Great Strides Forward In Printing

2012-03-30 08:56:03

Published on 2012-03-30 08:56:03

Every sector has its breakthrough moments that it can look back on and think how it changed the spectrum of the work involved in that industry.

Over recent months and years, the printing sector has certainly had its fair share of those to the point where technological developments are commonplace within printing.

Some may look on the main printing advancement of recent decades being a gradual shift which has taken printers from the size of a small room into some that aren't much bigger than your hand.

As impressive as these now are, especially when you add in apps and programmes governing connectivity as well as the onset of wireless printing, there are major scientific advancements being made in printing too.

First of all, take the example of the recent 'laser unprinter' which was unveiled at Cambridge University recently. Not only is this a fascinating foray into greener office practices but it could also have a practical use.

Essentially, researchers as the university managed to completely remove some of the toner from a printed piece of paper without damaging or tearing the sheet itself.

According to researchers, this 'unprining' technology could see toner-removing devices making much more of an appearance in offices around the country in the future, as well as homes.

Dr Julian M. Allwood from the university said: "What we need to do now is find someone to build a prototype. Thanks to low-energy laser scanners and laser-jet printers, the feasibility for reusing paper in the office is there."

The implications if this practice was to be put into production could be massive, the team claims and would range much further than savings companies money on paper costs.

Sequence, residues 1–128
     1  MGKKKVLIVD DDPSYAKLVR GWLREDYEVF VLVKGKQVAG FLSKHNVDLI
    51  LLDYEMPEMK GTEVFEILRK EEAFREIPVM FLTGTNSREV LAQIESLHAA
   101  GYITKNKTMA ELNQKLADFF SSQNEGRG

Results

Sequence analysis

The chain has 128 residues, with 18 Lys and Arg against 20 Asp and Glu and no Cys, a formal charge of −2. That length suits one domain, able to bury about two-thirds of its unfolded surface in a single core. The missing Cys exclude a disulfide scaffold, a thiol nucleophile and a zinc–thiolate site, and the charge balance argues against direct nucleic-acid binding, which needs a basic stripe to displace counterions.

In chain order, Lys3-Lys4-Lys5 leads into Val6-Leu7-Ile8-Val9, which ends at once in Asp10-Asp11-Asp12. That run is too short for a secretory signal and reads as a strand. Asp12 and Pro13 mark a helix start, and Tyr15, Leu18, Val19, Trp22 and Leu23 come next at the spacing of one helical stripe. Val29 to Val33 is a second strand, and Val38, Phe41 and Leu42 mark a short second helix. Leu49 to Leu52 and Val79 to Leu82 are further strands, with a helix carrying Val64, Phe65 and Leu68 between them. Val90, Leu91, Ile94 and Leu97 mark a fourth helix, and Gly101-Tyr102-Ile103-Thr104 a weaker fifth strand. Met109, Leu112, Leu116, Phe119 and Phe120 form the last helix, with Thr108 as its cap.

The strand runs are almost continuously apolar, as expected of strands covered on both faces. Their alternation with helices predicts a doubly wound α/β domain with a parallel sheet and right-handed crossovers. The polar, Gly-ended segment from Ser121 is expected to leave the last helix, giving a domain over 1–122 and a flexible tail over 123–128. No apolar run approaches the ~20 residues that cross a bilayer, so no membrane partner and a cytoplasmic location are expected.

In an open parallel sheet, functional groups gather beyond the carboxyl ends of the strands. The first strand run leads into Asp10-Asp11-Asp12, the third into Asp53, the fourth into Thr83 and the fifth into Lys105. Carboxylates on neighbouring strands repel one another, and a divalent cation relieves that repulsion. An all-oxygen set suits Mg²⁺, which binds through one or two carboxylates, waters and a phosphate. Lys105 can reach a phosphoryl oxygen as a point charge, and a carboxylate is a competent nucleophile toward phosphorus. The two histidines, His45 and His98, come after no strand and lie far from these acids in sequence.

They claim that by reducing the use of trees within the paper lifecycle, the process could save as much as an additional 50 to 80 per cent in carbon emissions over recycling.

The researchers posed the question of what would happen if paper was unprinted and reused rather than recycled. The answer they arrived at was by removing toner with a laser four steps could be removed from the paper production cycle.

These being forestry, pulping, paper making and disposal by incineration or landfill.

Dr Allwood added: "Material recovery through reusing eliminates the forestry step from the life cycle of paper and eradicates emissions arising from paper incineration or decomposition in landfill."

A significant move forward and undoubtedly one that will be remembered, as will the breakthrough made recently by researchers at Clemson University.

Their Bio Printer, which is essentially just a standard HP DeskJet 500, has actually managed to print living human cells.

Quite an incredible feat, with researchers managing to empty a normal ink cartridge of its contents before filling it with a mixture of both suspended cells and fluorescent matter.

This mixture is known as bio-ink and is then miraculously printed out onto the awaiting slides.

"We first had the idea for this method when we wanted to be able to visualize changes in the cytoskeleton arrangement due to applied forces on cells," said paper-author Dr Delphine Dean.

Once you add to these two advancements as well as the ever-growing presence of recyclable ink cartridges and the consumerisation of printing, these are a number of huge strides forward for the sector.

This consumerisation and increase of printing over the past few decades could cause some to argue that the sector has a responsibility to be as green and forward-moving as possible.

If the advancements can be built on, who knows what the printing industry could achieve not just for consumers and business, but for the wider world.

Posted by Fred Bugenhalgen.

« Return